Bat Roller by tetheredtoit


									     KNOCKING IN YOUR BAT

You've spent your hard-earned money on your dream bat. One problem! It is only
made of wood and will continually have very hard cricket balls smashing against
it. Most bats eventually conk out and break, and you can never predict when. It
can happen the very first ball you play or it may not break for ten years. You can
never put a life on a cricket bat. The only action you can take to HELP prevent
and LESSEN the chance of your bat breaking, particularly early in its life, is
knocking in the bat properly. Of course it is essential you know the right
procedures and techniques in order to help this cause. Lets look at it in point

1. You are purchasing your bat from a reputable Cricket / Sports store either in
   person or online. Ensure you ask firstly whether they have the applicable
   machinery to knock in your bat such as a Bat Roller and / or a Knocking In
   Machine and / or a manual procedure like at KSC. Your bat should go through
   this process before you commence your own manual knocking in. You also
   need to ask for advice on what manual knocking in is required. If you are
   buying the bat in person, ask the staff member to demonstrate for you how
   this is suppose to be done. Online, this information should be available as
   apart of their web site or should be E-mailed to you.

Why the need for the machines?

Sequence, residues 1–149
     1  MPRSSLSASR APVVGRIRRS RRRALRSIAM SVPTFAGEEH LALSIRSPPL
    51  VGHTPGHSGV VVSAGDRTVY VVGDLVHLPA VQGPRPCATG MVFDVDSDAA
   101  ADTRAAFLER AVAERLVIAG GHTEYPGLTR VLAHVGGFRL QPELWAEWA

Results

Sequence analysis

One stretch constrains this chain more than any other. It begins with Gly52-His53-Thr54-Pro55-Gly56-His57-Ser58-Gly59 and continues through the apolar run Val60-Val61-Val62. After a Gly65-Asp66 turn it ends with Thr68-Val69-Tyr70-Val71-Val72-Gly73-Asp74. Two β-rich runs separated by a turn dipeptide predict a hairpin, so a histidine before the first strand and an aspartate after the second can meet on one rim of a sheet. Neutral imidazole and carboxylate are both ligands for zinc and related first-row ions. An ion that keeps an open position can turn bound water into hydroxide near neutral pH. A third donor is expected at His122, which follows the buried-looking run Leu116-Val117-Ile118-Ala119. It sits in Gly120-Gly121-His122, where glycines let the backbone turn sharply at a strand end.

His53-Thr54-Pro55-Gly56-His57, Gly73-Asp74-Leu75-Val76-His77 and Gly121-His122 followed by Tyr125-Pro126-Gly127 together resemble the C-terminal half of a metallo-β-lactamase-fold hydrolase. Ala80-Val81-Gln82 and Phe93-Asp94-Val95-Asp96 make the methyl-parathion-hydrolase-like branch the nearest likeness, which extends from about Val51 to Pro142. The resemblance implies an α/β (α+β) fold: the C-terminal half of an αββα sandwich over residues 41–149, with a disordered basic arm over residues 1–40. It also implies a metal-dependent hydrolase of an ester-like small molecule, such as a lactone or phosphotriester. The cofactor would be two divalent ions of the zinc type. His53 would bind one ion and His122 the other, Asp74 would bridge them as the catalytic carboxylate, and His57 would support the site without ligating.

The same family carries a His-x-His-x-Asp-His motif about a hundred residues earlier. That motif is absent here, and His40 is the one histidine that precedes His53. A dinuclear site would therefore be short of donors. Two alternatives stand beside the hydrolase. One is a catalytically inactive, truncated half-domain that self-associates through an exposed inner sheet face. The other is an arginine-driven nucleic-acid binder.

a) BAT ROLLER - This will compress the blade (face of the willow). A light roll
helps to toughen the bat for cricket ball use. The willow of your potential bat may
still be very soft coming off the shelf. This helps prevent seam marks and 'dings'
damaging your bat.
b) KNOCKING IN MACHINE - This simulates a hard ball hitting the blade squarely.
This in its own right plays the part of also preparing the willow. These machines
really focus on hardening the blade but more work will be required at home to
enhance the life of the bat and to make the bat truly effective.

2. You are now the owner of your new bat and you are just dying to start playing
   but wait . . . . there is more knocking in to be done before we start
   hammering 4's and 6's. Personally, I like to do this whilst watching TV, or
   outside away from the family because it is a little noisy. If we are using a
   good quality ball we need to ensure that it is not too new so we don't run the
   risk of denting the bat. We grip the ball in our hands so there is a reasonable
   amount of the ball facing the bat in our other hand. We must also ensure that
   the seam is not in line, as this will also mark your bat. We want to hit the bat